Banner for Get Equal web site getequal.orgThe linked blog entry is from Dr. Jillian Weiss in the Bilerico Project blog. Weiss has worked tirelessly to get an Inclusive ENDA passed, and even as the bill has gone up and down in terms of the prospects of getting passed, she has remain unchanged in her commitment to see it passed.

Last week, Weiss called for a blogswarm and the linked post is a wrap up to that effort. I wrote for the swarm, and Sue did also over at the Pittsburgh Lesbian Correspondents. In addition Hugh over at Meet Adam and Steve, decided to post as well after reading my post. I think that is part of the value of a blog swarm- the way it draws in more people and each share a different perspective.

Weiss has been under some criticism however. I was on a conference call about ENDA and someone said something about how they didn’t agree with her approach. I don’t share that view. Mostly this type of criticism grows from long time activists who think people like Weiss are rocking the boat too much. As if they know how to move gay civil rights forward… yet, they haven’t had nearly enough success.

One aspect of the swarm, was a call to action: call the speaker’s office and demand a commitment to put ENDA to a floor vote. And did the calls come in! The House phone system was shut down due to the number of calls.

As well as the swarm, another action took place, and it is unclear if the criticisms are more about the swarm, the action or both. Members of a group called “Get Equal,” visited Pelosi’s offices in San FRancisco as well as DC and staged a sit in, claiming that they wouldn’t leave until the speaker had committed to a floor vote on ENDA.

Both of these actions were encouraged and spread via Twitter posts. Weisss asks:

What do you think about this? Do you agree with me that online activity can produce significant offline political activity? Do you think the blogswarm was a good idea? How about the unrelated direct action produced by GetEqual?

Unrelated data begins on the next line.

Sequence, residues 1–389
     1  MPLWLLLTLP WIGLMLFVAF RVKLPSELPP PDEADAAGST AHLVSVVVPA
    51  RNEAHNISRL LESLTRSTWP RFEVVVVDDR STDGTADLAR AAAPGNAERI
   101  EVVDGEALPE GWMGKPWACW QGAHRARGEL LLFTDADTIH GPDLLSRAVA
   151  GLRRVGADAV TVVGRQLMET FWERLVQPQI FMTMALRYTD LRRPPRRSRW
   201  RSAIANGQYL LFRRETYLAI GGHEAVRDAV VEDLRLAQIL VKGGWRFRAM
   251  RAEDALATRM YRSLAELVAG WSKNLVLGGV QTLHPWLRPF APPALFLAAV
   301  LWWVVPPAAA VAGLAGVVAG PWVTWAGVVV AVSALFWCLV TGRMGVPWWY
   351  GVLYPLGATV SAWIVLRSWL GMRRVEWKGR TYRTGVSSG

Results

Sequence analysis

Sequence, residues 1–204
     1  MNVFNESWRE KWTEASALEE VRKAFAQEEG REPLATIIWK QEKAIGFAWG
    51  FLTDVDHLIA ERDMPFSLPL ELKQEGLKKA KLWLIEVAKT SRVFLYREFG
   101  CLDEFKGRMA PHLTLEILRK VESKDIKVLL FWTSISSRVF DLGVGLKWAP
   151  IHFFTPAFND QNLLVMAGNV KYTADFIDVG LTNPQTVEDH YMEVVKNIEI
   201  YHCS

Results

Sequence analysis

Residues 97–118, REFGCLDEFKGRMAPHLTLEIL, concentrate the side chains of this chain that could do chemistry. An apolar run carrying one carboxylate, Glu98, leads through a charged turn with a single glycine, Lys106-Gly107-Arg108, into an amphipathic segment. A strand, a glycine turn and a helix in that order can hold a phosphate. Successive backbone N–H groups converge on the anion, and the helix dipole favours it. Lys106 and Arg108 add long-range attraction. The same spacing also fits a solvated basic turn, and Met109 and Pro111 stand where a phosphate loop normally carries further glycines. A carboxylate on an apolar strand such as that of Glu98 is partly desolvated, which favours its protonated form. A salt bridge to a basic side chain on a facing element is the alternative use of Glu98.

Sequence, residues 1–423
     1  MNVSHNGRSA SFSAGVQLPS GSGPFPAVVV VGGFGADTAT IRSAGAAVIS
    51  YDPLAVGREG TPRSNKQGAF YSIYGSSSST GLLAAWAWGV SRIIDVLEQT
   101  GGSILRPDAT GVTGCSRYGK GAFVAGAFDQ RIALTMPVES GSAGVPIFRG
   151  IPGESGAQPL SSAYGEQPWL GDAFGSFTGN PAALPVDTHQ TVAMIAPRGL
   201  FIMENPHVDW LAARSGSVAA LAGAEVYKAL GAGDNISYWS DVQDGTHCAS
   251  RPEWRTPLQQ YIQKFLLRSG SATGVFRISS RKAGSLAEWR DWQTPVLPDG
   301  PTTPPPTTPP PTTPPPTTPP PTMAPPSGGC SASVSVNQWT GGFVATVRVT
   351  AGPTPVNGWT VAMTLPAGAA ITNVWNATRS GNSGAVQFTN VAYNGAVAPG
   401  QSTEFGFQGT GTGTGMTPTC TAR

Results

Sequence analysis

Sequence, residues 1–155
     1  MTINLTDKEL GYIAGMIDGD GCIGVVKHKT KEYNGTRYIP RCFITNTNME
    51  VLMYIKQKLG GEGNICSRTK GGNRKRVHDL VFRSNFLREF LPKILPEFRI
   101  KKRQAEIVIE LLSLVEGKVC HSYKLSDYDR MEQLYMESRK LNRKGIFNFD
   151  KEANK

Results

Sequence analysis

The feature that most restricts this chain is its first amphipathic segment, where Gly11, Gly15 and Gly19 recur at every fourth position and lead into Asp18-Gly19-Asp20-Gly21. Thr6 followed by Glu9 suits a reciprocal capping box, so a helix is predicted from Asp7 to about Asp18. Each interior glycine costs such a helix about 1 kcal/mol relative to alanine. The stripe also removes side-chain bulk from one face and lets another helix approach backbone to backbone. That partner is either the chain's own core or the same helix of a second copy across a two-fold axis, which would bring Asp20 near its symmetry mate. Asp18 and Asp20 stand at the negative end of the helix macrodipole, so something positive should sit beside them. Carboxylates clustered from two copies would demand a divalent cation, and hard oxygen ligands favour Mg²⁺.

I think we are entering a new phase of LGBT activism where actions such as these, and greater acts of Civil Disobedience will become more and more commonplace. I think it is both inevitable and necessary. LGBT’s need to rise up and say enough is enough- the time for equality is now. The “internet” will play a key role. As this blogswarm demonstrates, an online action produced significant off-line engagement. It isn’t everything that is needed. This type of engagement, all alone won’t make change, but as one piece in a broader movement, it will play a key role.

How would you answer Weiss’s questions? What do you think about actions such as these? Leave a comment!

via Wrap Up: Online/Offline Distinction Blurs As Bloggers Generate Both Light And Heat | The Bilerico Project.

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  1. I saw that, but it seems odd that these two actions would take place simultaneously. Then maybe it isn't that strange. A number of concerned groups want to see action on ENDA?

  2. There will never be any system or tool that everyone uses, so to cite that as a criticism is a poor argument in my book. As for Ashburn, I would agree there was a failure, but I think too the causation of the fail is pretty clear. and I wrote about this on my blog. Too often, there is this unspoken thing that legislators are left alone, as if their private life is that- private. This is a real shame. In California, I think it is partly due to the fact that those West Coast Activist types are too busy trying to tell everyone else how they should be doing things.

    But aside from that, one person posting 1 small post to his own wall is hardly a good use of Facebook to try and get a message spread.